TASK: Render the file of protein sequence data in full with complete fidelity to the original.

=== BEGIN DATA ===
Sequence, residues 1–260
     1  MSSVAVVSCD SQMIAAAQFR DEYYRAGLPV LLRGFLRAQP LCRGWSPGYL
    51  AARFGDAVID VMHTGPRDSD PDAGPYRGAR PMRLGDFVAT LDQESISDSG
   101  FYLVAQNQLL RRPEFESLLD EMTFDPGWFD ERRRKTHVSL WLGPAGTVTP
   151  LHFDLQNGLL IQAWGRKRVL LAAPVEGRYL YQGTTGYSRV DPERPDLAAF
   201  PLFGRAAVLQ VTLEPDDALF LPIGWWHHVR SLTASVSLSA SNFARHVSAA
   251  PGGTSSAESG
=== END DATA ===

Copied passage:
Sequence, residues 1–260
     1  MSSVAVVSCD SQMIAAAQFR DEYYRAGLPV LLRGFLRAQP LCRGWSPGYL
    51  AARFGDAVID VMHTGPRDSD PDAGPYRGAR PMRLGDFVAT LDQESISDSG
   101  FYLVAQNQLL RRPEFESLLD EMTFDPGWFD ERRRKTHVSL WLGPAGTVTP
   151  LHFDLQNGLL IQAWGRKRVL LAAPVEGRYL YQGTTGYSRV DPERPDLAAF
   201  PLFGRAAVLQ VTLEPDDALF LPIGWWHHVR SLTASVSLSA SNFARHVSAA
   251  PGGTSSAESG